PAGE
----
20 July 2014

Binocular Astronomy

From an urban setting such as my home in San Francisco, I have a reasonable view of the night sky, knowing that from my own backyard I can see a good number of stars if I have clear skies and I am patient, allowing my eyes to dark adapt. In a city setting you are limited in the depth of the night sky you can experience by the ambient light in your exact setting, and the light pollution dispersed into the sky. But you can overcome these factors somewhat, by using binoculars.

Every time I am at a star party or astronomy gathering, in addition to a telescope I bring my binoculars. These are the fastest way to enhance your viewing whether you are in a dark sky or city setting. No matter what conditions you have, you will see deeper and will experience more richness in the night sky with binoculars. They are intuitive and require no special technical knowledge to use. You just point at a part of the sky and enjoy. Gary Seronik of Sky & Telescope publishes regular articles focused on binocular viewing and has an excellent resource book (I have a copy, of course) just for binocular viewing, Binocular Highlights. I highly recommend it.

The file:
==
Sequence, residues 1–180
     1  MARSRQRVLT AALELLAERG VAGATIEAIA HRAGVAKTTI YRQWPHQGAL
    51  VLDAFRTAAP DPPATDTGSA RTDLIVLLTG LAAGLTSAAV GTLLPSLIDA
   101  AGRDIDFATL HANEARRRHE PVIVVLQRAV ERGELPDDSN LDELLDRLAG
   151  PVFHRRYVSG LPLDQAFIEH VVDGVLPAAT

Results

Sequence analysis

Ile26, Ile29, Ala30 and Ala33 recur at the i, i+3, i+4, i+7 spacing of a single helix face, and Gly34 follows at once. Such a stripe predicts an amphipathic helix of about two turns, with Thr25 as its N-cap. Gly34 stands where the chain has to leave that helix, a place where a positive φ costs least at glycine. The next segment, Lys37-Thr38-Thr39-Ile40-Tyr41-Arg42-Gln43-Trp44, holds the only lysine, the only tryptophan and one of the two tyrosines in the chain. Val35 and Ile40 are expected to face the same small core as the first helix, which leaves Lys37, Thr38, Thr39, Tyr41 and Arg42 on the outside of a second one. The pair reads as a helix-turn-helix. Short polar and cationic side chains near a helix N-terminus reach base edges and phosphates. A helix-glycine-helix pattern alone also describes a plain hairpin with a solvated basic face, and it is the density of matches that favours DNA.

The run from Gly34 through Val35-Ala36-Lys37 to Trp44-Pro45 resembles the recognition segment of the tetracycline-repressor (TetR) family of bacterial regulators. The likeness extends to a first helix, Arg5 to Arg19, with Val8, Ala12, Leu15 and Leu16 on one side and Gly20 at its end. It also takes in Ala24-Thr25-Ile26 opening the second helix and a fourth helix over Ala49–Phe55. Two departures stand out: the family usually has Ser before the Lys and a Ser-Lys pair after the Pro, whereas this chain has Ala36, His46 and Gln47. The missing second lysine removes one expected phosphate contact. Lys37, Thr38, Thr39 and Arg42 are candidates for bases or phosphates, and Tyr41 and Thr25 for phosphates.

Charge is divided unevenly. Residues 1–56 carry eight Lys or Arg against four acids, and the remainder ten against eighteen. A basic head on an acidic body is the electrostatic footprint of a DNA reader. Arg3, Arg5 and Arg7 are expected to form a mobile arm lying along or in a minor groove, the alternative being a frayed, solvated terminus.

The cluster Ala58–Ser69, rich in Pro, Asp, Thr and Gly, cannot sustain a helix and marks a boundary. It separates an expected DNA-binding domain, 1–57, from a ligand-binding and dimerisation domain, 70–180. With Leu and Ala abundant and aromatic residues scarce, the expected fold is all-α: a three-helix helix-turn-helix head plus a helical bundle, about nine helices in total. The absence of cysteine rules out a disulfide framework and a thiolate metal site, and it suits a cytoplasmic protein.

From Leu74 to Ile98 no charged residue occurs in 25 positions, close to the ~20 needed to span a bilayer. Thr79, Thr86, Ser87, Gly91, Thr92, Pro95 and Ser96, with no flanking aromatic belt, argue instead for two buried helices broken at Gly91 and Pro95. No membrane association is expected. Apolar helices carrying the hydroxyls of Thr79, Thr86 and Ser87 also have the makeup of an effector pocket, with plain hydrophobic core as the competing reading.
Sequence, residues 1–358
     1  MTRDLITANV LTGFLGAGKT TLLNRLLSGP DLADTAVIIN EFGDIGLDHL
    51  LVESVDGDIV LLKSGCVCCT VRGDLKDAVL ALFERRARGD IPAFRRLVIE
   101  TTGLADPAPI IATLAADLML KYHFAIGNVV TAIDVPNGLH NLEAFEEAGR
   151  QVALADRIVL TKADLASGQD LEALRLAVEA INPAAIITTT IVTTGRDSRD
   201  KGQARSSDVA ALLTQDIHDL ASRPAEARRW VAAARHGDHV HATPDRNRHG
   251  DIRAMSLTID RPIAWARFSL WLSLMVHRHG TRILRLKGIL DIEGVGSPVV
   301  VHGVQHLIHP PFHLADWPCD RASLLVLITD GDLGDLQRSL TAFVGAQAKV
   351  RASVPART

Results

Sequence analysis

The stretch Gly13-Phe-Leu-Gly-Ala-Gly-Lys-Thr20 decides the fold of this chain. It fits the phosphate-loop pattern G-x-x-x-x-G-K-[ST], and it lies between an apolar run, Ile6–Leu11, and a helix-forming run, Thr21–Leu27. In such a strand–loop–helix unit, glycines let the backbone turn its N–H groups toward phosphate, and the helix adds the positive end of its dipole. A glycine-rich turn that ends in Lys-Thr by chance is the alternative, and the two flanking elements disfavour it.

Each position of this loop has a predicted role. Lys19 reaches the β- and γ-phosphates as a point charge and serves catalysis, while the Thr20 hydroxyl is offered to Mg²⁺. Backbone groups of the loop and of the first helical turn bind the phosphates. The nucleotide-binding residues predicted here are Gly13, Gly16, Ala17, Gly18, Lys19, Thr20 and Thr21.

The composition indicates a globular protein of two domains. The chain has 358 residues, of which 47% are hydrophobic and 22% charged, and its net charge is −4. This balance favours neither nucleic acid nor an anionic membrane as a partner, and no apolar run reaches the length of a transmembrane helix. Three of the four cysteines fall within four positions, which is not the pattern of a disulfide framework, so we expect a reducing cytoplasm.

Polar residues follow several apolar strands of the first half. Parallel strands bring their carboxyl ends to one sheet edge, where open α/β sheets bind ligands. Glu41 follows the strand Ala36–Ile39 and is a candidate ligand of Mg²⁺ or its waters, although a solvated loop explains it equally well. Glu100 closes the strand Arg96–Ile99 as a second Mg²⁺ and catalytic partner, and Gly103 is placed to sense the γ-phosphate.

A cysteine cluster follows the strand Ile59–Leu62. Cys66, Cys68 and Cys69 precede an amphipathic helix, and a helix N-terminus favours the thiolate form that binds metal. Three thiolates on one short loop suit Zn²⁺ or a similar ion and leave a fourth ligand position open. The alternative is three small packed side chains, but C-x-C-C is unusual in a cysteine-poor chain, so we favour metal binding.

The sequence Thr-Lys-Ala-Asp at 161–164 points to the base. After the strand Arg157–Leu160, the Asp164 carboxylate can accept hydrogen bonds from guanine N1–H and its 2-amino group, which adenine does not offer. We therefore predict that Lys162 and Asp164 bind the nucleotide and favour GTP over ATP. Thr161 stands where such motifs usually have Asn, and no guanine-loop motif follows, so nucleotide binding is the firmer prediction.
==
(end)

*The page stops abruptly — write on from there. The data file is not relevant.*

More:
Summer Milky Way in binoculars
During the summer months, point east and above to experience the richness of the Milky Way through binoculars. Even in city settings where the true outline of the Milky Way is not visible, binoculars will reveal some of that richness, exposing clusters and nebulae in the depths of the galaxy. I am particularly fond of the charts from the Great Smoky Mountain Astronomical Association for highlights in the summer galactic zone.

My old Celestron 10x50 binoculars have served me well for years and I carry them with me virtually everywhere I go. You should consider the same.

Image courtesy garyseronik.com.

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